To: dirtboy

Much like the LCRA river authority sending water to the south Texas rice farmers. They’re killing the businesses up stream that depend on the river. But noooo, they have big lobbyists. Never mind that Texas is always in some stage of drought but we have to waste tax dollars so there can be soggy rice paddies. Can’t they be logical for once and plant some of the countless other crops that don’t need all this extra water?


12 posted on 12/17/2012 11:38:25 AM PST by bgill (We've passed the point of no return. Welcome to Al Amerika.)
[ Post Reply | Private Reply | To 1 | View Replies]

To: dirtboy
One of the guys who wrote UN Agenda 21 tried to do something similar but got shut down. Then he decided to screw us all.

YouTube: Agenda 21 Explained

13 posted on 12/17/2012 11:39:56 AM PST by E. Pluribus Unum ("The more numerous the laws, the more corrupt the state." - Cornelius Tacitus, Roman Senator)
[ Post Reply | Private Reply | To 1 | View Replies]

To: dirtboy

We should be removing all of the dams on the Colorado river and let it run wild as in nature. We have no salmon to save there but we ould come up with some kind of endangered fish or animal.


14 posted on 12/17/2012 11:41:37 AM PST by dirtymac (Now is the for all good men to come to the aid of their country.)
[ Post Reply | Private Reply | To 1 | View Replies]

To: dirtboy
Chinatown.

Control the water, control everything.

FMCDH(BITS)

15 posted on 12/17/2012 11:54:40 AM PST by nothingnew (I fear for my Republic due to marxist influence in our government. Open eyes/see)
[ Post Reply | Private Reply | To 1 | View Replies]

To: dirtboy

Uhhh, I know that this seldom factors into the conversation when we’re about to do something really neat and keen, but who in the hell is going to pay for this?


16 posted on 12/17/2012 12:06:07 PM PST by technically right
[ Post Reply | Private Reply | To 1 | View Replies]

To: dirtboy
The Colorado River is low on water and, according to the New York Times, a plan by the Federal Bureau of Reclamation is about to be revealed that would take water from the Missouri River and send it into a 600 mile pipeline to the Colorado River.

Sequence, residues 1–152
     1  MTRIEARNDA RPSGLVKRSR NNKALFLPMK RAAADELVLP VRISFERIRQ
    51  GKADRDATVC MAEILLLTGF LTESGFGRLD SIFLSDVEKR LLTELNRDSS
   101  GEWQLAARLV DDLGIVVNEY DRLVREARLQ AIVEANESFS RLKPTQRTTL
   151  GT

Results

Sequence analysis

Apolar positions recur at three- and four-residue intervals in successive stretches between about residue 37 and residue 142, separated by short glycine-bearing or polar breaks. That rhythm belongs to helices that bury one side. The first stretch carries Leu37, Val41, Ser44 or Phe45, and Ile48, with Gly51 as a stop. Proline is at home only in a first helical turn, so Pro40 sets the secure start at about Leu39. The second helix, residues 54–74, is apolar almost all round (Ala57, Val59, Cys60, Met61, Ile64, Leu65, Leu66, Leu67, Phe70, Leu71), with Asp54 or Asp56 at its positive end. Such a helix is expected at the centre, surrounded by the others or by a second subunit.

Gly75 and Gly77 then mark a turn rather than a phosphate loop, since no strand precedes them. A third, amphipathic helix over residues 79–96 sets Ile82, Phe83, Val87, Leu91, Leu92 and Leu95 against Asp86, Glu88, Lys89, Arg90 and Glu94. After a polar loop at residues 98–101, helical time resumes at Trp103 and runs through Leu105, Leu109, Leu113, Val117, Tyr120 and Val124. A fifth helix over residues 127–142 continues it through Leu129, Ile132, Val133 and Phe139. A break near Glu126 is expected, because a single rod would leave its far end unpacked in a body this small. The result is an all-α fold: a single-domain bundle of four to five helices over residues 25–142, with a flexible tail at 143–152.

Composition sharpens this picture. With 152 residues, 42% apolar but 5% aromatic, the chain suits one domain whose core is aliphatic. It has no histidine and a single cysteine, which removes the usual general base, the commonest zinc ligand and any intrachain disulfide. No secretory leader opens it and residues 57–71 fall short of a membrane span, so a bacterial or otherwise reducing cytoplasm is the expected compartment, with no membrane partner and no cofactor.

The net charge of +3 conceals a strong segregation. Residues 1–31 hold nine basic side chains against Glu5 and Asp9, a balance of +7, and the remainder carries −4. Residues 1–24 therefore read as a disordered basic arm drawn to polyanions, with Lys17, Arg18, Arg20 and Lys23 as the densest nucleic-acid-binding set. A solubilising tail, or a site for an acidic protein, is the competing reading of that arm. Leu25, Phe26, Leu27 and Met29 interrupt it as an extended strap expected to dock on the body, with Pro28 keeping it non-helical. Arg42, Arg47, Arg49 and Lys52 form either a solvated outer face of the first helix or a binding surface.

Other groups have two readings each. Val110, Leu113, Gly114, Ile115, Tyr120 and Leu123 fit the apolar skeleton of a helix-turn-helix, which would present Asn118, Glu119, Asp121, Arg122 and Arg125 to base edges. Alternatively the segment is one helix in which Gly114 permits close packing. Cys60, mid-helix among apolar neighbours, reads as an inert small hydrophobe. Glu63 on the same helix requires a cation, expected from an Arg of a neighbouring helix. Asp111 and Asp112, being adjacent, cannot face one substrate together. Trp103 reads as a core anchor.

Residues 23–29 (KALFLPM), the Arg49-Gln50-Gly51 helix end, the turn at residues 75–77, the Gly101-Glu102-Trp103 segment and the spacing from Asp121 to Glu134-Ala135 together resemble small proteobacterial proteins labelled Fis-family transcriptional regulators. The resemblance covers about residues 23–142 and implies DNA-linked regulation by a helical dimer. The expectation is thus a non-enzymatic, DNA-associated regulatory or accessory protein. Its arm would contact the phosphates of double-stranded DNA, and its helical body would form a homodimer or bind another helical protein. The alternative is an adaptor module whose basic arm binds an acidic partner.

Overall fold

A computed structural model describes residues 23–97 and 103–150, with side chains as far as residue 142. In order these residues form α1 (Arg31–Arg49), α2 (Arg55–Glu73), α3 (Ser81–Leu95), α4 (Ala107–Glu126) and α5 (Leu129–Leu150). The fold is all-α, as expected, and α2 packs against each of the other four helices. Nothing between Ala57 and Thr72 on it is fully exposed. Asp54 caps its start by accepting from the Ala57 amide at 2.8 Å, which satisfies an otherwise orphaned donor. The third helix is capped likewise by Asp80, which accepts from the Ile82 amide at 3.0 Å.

Um....no.

The Colorado River starts on the western side of the Continental Divide, and with the exception of a few diversionary tunnels feeding Denver, it does not have anything to do with eastern Colorado's lack of water.

So, if someone's thinking about pumping Missouri water to the Colorado River, that's gonna be one helluva pump!
17 posted on 12/17/2012 12:13:19 PM PST by frankenMonkey
[ Post Reply | Private Reply | To 1 | View Replies]

To: technically right

“who in the hell is going to pay for this?”

Well, as an Arizona boy, I’d recommend...Arizona & Colorado & California.


18 posted on 12/17/2012 12:15:05 PM PST by Mr Rogers (America is becoming California, and California is becoming Detroit. Detroit is already hell.)
[ Post Reply | Private Reply | To 16 | View Replies]

To: dirtboy

why not start the pipe line from one of the great lakes


19 posted on 12/17/2012 12:30:21 PM PST by jrd (DO AWAY WITH THE EPA)
[ Post Reply | Private Reply | To 1 | View Replies]

To: dirtboy; US Navy Vet; fieldmarshaldj

Actually, this would be a very good idea if they only drew the water during spring flood.

It would be a great idea for flood control.

In fact if they could figure out a way to efficiently skim off the top ten feet during spring flood above the red river, they’d do everyone in the missippi basin a whole lot of good.


20 posted on 12/17/2012 12:35:32 PM PST by ckilmer
[ Post Reply | Private Reply | To 1 | View Replies]

To: dirtboy

Kansas and Missouri did not vote for Obamugabe. Colorado DID.

See how that works, boys and girls?


21 posted on 12/17/2012 12:52:51 PM PST by SoFloFreeper
[ Post Reply | Private Reply | To 1 | View Replies]

To: dirtboy

The Columbia river should be diverted to the high plains, but that wouldn’t waste enough money or be dependent enough on future allocations to as effectively enslave the recipients.

And Washington and Oregon are dependable Dem states.


22 posted on 12/17/2012 1:00:31 PM PST by mrsmith (Dumb sluts: Lifeblood of the Media, Backbone of the Democrat Party!)
[ Post Reply | Private Reply | To 1 | View Replies]

To: dirtymac

How about the dams on the Columbia river?


23 posted on 12/17/2012 1:08:01 PM PST by DuncanWaring (The Lord uses the good ones; the bad ones use the Lord.)
[ Post Reply | Private Reply | To 14 | View Replies]

To: DuncanWaring

Dams on the Columbia primarily affect the more conservative parts of WA and OR. Dams on the Colorado affect a lot more liberals. Like the Hetch Hetchy reservoir that supplies San Francisco. They (SF) are able to meet their own needs and sell more to surrounding communities. The are also able to sell a significant amount of electricity to others.